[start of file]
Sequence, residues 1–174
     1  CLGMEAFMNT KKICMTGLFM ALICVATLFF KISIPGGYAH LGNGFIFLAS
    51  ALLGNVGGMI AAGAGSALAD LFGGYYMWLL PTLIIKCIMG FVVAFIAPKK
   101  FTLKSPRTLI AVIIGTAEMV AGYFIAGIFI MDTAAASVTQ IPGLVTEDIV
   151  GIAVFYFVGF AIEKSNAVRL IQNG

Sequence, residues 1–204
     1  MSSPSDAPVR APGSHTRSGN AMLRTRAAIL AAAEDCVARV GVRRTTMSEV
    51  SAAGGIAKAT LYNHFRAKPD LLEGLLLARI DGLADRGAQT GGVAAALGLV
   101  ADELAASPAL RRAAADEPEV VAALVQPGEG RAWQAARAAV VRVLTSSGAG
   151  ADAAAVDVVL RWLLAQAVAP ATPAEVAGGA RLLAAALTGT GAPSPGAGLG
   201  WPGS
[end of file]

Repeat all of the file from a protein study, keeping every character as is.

Sequence, residues 1–174
     1  CLGMEAFMNT KKICMTGLFM ALICVATLFF KISIPGGYAH LGNGFIFLAS
    51  ALLGNVGGMI AAGAGSALAD LFGGYYMWLL PTLIIKCIMG FVVAFIAPKK
   101  FTLKSPRTLI AVIIGTAEMV AGYFIAGIFI MDTAAASVTQ IPGLVTEDIV
   151  GIAVFYFVGF AIEKSNAVRL IQNG

Sequence, residues 1–204
     1  MSSPSDAPVR APGSHTRSGN AMLRTRAAIL AAAEDCVARV GVRRTTMSEV
    51  SAAGGIAKAT LYNHFRAKPD LLEGLLLARI DGLADRGAQT GGVAAALGLV
   101  ADELAASPAL RRAAADEPEV VAALVQPGEG RAWQAARAAV VRVLTSSGAG
   151  ADAAAVDVVL RWLLAQAVAP ATPAEVAGGA RLLAAALTGT GAPSPGAGLG
   201  WPGS